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Assessment of the Relationship between Periodontitis and Cardiac Parameters in Patients with Early Chronic Heart Failure: A Cross-Sectional Study

General Outpatient Clinic of Sports Medicine, University of Leipzig, 04103 Leipzig, Germany
Helios Health Institute GmbH, 13125 Berlin, Germany
Author to whom correspondence should be addressed.
J. Funct. Morphol. Kinesiol. 2024, 9(1), 52;
Submission received: 6 February 2024 / Revised: 3 March 2024 / Accepted: 13 March 2024 / Published: 18 March 2024


Periodontal disease (PD) is considered a risk factor for cardiovascular events. However, its relationship to chronic heart failure (CHF) is unclear. The aim was to compare cardiac and inflammatory parameters in CHF patients with (PG) versus without periodontitis (NPG). The following parameters were recorded in 58 patients: periodontal screening and recording (PSR), troponin T, NT-proBNP, C-reactive protein (CRP), interleukin-6 (IL-6), blood pressure, heart rate, ejection fraction (EF), ventricular systolic and diastolic function parameters, incremental test, and three questionnaires (Mediterranean Diet Adherence Screener, MEDAS; Oral Health Impact Profile, OHIP-14; Patient Health Questionnaire, PHQ). The serum levels of NT-proBNP and troponin T were significantly higher in the PG, and the left ventricular systolic and diastolic function parameters were significantly lower. The correlation analysis showed age as the only independent risk factor for periodontitis and cardiac biomarkers. No significant group differences were found in the MEDAS, OHIP-14, and PHQ scores, or in CRP, IL-6, and cardiocirculatory parameters. Overall, the BMI correlated significantly with the mean PSR and total cholesterol. The occurrence of increased PSR together with increased age and cardiac risk parameters does not exclude an association between periodontitis and CHF, though no positive correlation was calculated. Periodontitis may be a modifiable risk factor for CHF. Its treatment may help to control the inflammatory burden.

1. Introduction

Heart failure (CHF) is a pro-inflammatory syndrome with multiorgan involvement [1] and a prevalence of 8% in the population aged > 45 years. Common underlying conditions of CHF include coronary artery disease, arterial hypertension, myocarditis, diabetes mellitus, and systemic inflammation, including periodontitis [2]. Diabetes mellitus is a strong risk factor for the development of CHF; however, there is also evidence for reciprocal effects [3]. Patients with diabetes are up to five times more likely to suffer from heart failure than those with a healthy metabolism [4]. The fact that CHF is closely linked to diabetes is due to an overall metabolic disorder with possible negative effects on arteries and coronary vessels. A long-term elevated blood glucose level increases chronic inflammatory processes in the vessels. The vessel walls become stiff with the effect of an impaired diastolic function [5] and left ventricular concentric remodeling [6]. Conversely, heart failure triggers diabetic processes that increase glucose metabolism and cause insulin resistance [3]. Thus, the inflammatory mechanisms probably contribute directly to the structural myocardial changes and limitation of cardiac function, as well as to the progression of the associated symptoms [2]. Furthermore, genetic causes have been documented. Over the next 25 years, heart failure rates are expected to increase further by approximately 50%. The high number of unreported cases is particularly problematic. This is due to the frequent lack of recognition of the early stages of the disease, where an improvement or even complete regression is most likely to occur [7]. As a syndrome, CHF particularly affects degeneration, exercise tolerance, and causes chronic inflammation of the heart, muscles, and vessels [8]. Previous studies showed bone catabolism in a case of CHF [9,10], which can be linked to periodontal disease.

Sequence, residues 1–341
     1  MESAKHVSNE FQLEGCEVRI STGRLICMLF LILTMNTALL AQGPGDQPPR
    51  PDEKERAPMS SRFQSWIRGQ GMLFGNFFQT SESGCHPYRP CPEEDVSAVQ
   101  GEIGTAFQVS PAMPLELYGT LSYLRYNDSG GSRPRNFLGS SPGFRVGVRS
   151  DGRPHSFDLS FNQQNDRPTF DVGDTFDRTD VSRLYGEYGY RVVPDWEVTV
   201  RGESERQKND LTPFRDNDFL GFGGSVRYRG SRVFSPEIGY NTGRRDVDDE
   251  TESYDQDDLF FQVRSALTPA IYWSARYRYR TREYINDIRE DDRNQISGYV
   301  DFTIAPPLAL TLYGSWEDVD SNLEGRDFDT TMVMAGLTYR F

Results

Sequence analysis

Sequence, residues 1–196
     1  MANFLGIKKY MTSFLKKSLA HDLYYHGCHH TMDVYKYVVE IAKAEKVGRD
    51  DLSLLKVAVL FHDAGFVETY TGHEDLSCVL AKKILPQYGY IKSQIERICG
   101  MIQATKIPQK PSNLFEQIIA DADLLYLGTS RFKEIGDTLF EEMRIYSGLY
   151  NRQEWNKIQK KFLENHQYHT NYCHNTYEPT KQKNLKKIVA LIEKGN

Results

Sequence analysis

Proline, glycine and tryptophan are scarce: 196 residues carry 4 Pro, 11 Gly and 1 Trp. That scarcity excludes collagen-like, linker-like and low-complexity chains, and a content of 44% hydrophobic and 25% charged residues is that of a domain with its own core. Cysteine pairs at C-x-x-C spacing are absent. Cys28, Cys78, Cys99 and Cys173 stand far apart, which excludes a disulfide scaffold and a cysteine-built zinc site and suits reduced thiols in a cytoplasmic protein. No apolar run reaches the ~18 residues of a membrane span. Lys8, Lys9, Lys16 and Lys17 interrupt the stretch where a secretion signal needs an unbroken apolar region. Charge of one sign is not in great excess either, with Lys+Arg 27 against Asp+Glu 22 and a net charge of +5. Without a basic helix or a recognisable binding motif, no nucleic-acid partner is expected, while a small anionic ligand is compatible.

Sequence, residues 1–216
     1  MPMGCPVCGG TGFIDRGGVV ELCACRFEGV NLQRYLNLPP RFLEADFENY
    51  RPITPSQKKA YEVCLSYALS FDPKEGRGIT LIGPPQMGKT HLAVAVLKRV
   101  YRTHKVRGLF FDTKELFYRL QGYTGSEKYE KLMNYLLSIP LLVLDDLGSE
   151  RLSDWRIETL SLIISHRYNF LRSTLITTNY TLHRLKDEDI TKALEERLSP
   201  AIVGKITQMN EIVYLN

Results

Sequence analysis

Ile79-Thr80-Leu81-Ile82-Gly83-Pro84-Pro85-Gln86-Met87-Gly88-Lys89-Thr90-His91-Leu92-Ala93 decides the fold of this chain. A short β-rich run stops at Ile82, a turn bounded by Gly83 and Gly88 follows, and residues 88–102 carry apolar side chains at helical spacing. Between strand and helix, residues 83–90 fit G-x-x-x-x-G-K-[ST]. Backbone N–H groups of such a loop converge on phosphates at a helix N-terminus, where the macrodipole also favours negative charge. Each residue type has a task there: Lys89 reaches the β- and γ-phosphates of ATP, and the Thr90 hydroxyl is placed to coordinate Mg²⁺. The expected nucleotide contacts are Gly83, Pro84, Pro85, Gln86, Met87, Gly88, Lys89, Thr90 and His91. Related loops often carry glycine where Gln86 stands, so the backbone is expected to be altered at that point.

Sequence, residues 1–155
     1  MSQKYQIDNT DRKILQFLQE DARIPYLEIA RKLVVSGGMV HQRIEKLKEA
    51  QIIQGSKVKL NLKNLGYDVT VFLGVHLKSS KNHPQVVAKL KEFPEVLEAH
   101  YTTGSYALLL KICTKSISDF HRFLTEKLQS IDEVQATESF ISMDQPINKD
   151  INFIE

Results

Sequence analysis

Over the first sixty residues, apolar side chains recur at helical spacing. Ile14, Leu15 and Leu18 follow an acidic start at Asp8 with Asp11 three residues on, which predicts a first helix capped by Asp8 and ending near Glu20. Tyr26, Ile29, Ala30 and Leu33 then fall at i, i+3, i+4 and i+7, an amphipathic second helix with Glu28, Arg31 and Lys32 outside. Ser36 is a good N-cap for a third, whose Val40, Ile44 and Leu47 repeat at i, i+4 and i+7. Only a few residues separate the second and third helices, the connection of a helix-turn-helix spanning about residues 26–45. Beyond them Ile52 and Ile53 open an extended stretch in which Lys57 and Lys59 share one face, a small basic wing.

Several chronic infectious, inflammatory, and immune diseases are associated with significantly higher risks of adverse cardiovascular events [11]. Periodontal disease (PD) is a chronic non-communicable disease with a high prevalence and is the sixth most common human disease [12,13,14]. Risk factors are dental plaque, calculus, age, genetics, smoking, and diabetes [15]. Gingival bleeding and periodontitis are sensitive markers for abnormalities in the macronutrient content (excessive carbohydrate or polyunsaturated fat intake and deficient protein intake) and micronutrient intake too. Nutrition is extremely important and therefore, well placed to deliver general, oral, and dental health. A well-studied way to improve general health is through the Mediterranean diet (MD) [16], which effectively reduces the body weight and risk factors for metabolic syndrome [17,18]. So far, the relationship between CHF, periodontitis, and MD has not been studied. We therefore compared the diets of CHF patients with and without periodontitis.